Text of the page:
The Housekeeper and the Professor
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He is a brilliant math Professor with a peculiar problem―ever since a traumatic head injury, he has lived with only eighty minutes of short-term memory.
She is an astute young Housekeeper―with a ten-year-old son―who is hired to care for the Professor.
And every morning, as the Professor and the Housekeeper are introduced to each other anew, a strange and beautiful relationship blossoms between them. Though he cannot hold memories for long (his brain is like a tape that begins to erase itself every eighty minutes), the Professor's mind is still alive with elegant equations from the past. And the numbers, in all of their articulate order, reveal a sheltering and poetic world to both the Housekeeper and her young son. The Professor is capable of discovering connections between the simplest of quantities―like the Housekeeper's shoe size―and the universe at large, drawing their lives ever closer and more profoundly together, even as his memory slips away.
Yoko Ogawa's The Housekeeper and the Professor is an enchanting story about what it means to live in the present, and about the curious equations that can create a family.
agreement to hide the truth about Enatsu. No matter how weary we were of hearing a story, we always made an effort to listen attentively. We felt we owed that to the Professor, who had put so much effort into treating the two of us as real mathematicians. But our main concern was to avoid confusing him. Any kind of uncertainty caused him pain, so we were determined to hide the time that had passed and the memories he'd lost. Biting our tongues was the least we could do. But the truth was, we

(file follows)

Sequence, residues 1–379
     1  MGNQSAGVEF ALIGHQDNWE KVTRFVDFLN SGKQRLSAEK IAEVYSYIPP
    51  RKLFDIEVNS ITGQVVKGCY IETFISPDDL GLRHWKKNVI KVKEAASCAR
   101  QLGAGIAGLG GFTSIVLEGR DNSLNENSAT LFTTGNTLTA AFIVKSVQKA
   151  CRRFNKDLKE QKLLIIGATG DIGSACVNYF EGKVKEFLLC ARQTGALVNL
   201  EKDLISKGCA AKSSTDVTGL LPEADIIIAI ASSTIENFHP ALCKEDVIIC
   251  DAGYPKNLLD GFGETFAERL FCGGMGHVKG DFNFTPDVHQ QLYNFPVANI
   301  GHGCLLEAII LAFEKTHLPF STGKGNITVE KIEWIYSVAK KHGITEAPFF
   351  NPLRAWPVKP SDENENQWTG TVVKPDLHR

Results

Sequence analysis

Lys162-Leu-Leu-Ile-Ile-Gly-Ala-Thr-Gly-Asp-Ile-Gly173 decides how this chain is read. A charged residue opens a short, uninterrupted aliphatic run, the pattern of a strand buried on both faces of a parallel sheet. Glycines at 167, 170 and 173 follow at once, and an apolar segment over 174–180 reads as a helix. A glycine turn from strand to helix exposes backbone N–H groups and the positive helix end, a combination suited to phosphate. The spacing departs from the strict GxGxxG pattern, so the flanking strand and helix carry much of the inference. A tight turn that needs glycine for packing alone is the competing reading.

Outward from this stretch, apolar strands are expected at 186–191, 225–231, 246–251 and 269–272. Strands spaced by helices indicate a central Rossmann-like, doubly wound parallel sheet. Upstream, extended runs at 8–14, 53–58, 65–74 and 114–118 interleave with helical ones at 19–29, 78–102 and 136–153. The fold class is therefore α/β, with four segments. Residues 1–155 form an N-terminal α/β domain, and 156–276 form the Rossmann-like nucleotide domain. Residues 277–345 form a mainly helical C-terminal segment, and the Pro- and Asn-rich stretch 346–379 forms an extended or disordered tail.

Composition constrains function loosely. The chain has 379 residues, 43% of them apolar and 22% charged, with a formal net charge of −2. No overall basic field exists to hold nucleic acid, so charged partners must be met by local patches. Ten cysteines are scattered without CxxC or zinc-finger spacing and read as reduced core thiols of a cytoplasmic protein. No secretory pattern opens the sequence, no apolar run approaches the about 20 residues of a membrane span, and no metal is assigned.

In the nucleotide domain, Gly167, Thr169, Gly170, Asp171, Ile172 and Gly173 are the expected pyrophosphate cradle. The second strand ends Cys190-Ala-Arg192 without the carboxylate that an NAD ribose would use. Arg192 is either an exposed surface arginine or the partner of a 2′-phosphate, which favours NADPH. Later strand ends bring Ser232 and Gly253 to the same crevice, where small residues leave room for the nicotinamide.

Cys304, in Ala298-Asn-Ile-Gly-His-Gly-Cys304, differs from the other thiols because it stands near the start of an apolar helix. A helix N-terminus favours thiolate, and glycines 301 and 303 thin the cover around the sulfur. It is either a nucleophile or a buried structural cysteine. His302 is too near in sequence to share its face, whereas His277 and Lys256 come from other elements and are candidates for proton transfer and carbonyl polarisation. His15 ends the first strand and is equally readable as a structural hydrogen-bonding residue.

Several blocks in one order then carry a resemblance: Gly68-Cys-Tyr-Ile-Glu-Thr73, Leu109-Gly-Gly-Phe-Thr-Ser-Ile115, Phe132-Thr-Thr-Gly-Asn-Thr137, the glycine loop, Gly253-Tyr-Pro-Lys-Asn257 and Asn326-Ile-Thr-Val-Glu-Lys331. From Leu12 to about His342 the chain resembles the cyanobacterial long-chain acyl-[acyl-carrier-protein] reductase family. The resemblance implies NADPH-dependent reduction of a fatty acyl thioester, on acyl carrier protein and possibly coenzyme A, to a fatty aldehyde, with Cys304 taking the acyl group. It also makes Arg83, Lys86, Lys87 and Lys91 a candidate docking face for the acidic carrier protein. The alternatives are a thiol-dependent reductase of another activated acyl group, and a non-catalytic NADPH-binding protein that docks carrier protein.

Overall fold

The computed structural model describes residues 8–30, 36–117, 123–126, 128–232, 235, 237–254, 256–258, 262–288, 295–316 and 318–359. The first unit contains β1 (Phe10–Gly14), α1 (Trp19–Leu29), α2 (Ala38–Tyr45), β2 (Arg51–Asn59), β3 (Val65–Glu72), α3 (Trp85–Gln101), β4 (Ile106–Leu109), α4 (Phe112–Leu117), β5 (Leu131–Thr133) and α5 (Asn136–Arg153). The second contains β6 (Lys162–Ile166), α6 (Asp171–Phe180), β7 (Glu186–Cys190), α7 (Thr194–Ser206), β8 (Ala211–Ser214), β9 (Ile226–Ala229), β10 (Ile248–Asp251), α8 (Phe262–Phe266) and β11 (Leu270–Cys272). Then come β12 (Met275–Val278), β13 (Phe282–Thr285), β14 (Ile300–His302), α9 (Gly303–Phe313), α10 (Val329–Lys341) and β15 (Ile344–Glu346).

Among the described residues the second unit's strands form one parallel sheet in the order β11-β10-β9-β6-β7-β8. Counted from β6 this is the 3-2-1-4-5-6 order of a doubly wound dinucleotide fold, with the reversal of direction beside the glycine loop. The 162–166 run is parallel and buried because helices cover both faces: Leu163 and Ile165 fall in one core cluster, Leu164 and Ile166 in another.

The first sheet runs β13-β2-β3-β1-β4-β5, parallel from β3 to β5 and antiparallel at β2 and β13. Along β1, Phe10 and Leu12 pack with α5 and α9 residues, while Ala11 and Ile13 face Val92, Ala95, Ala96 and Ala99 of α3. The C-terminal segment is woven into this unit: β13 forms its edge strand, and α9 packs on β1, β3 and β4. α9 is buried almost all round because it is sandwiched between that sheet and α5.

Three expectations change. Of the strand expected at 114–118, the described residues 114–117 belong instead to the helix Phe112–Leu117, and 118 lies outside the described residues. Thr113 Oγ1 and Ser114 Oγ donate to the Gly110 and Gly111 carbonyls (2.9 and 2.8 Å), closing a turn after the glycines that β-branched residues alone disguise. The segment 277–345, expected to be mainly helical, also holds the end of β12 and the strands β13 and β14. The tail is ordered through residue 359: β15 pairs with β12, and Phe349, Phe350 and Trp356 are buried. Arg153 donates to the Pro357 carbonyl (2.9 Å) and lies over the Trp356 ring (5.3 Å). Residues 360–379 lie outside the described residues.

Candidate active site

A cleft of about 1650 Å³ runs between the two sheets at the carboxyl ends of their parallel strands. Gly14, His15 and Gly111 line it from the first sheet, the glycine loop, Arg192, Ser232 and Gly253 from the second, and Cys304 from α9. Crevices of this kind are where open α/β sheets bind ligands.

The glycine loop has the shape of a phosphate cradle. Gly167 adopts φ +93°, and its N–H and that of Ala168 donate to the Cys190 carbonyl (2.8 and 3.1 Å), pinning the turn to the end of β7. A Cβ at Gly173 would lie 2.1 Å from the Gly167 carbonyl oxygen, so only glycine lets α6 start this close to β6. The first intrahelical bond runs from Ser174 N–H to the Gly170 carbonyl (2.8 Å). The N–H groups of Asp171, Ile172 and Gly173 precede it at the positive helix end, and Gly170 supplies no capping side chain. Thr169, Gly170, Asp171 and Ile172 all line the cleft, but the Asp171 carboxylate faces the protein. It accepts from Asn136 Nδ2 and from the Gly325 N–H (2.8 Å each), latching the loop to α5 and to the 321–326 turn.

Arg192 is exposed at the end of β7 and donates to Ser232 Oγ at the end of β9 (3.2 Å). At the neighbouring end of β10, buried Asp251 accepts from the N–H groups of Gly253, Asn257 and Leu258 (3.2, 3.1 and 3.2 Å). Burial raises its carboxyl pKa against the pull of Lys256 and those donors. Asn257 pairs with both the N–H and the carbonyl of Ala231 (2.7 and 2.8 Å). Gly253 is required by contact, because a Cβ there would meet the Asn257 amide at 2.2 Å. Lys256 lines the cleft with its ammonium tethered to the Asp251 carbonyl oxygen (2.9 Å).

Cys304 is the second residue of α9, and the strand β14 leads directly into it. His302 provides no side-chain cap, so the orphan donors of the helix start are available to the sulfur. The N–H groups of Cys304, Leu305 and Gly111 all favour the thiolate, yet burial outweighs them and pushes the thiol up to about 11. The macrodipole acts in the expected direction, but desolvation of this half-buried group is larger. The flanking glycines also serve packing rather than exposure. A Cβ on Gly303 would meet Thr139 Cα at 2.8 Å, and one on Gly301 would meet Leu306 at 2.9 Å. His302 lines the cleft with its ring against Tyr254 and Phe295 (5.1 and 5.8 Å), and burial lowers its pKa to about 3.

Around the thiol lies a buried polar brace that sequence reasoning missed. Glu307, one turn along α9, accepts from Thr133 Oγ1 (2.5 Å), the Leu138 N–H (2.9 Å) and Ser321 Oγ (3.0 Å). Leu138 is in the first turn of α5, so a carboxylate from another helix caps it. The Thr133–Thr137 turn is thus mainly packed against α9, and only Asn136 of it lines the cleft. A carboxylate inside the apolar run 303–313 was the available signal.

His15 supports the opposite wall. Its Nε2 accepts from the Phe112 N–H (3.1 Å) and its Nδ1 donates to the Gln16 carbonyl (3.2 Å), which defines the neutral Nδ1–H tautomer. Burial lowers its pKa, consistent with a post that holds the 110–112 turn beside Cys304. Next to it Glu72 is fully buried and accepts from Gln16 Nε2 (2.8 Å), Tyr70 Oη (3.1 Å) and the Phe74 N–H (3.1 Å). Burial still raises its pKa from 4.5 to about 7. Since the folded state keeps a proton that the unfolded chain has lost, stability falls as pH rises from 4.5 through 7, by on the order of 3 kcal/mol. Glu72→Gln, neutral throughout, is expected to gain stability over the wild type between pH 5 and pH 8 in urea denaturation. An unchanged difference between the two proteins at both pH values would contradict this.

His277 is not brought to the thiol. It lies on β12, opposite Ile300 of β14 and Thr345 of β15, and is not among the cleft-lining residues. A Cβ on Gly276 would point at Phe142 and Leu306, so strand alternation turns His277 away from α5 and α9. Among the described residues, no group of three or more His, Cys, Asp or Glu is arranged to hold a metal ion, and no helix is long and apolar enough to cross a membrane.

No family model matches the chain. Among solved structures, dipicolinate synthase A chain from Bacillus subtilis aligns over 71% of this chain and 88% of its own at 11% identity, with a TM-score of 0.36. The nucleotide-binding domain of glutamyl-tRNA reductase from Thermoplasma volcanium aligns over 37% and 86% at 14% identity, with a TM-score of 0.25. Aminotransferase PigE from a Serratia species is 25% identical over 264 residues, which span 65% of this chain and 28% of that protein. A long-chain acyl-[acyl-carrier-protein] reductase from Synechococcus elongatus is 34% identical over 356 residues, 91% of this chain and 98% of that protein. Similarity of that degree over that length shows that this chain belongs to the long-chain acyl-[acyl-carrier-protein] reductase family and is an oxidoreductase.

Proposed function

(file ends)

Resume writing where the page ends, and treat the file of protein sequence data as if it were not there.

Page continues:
+ 2 + 3 + 4 + 5 = 15 1 + 2 + 3 + 4 + 5 + 6 = 21 "In other words, a triangular number is the sum of all the natural numbers between 1 and a certain number. Then, if you put two of these triangles together, things get even more interesting. Why don't we look at the fourth one, 10, so we don't have to draw too many dots?" It wasn't particularly cold in the hall, but the trembling in his hand had grown worse and the dots had slightly smudged. His whole being seemed concentrated in the tip of his
university. He was sixty-four, but he looked older and somewhat haggard, as though he did not eat properly. He was barely more than five feet tall, and his back was so badly hunched that he seemed even shorter. The wrinkles on his bony neck looked a little grimy, and his wispy, snow-white hair fell in all directions, half-concealing his plump, Buddhalike ears. His voice was feeble and his movements were slow. If you looked closely, though, you could see traces of a face that had once been
could only hope that some part of him remembered the exquisite pattern. The third chapter explained that Fermat's Last Theorem was not simply a puzzle designed to excite the curiosity of math fanatics, it had also profoundly affected the very foundations of number theory. And it was here that I found a mention of the Professor's formula. Just as I was aimlessly flipping through pages, a single line flashed in front of me. I held the note up to the page and carefully compared the two. There was
the card, keeping Enatsu to himself for a moment. Neither of us spoke as he showed me the 1985 limited-edition card containing a fragment of Enatsu's own glove. 10 It was a wonderful party, the most memorable one I've ever attended. It was neither elegant nor extravagant—in that sense it had much in common with Root's first birthday party at the home for single mothers, or the Christmases we'd spent with my mother. I'm not sure whether you would even call those other events parties, but I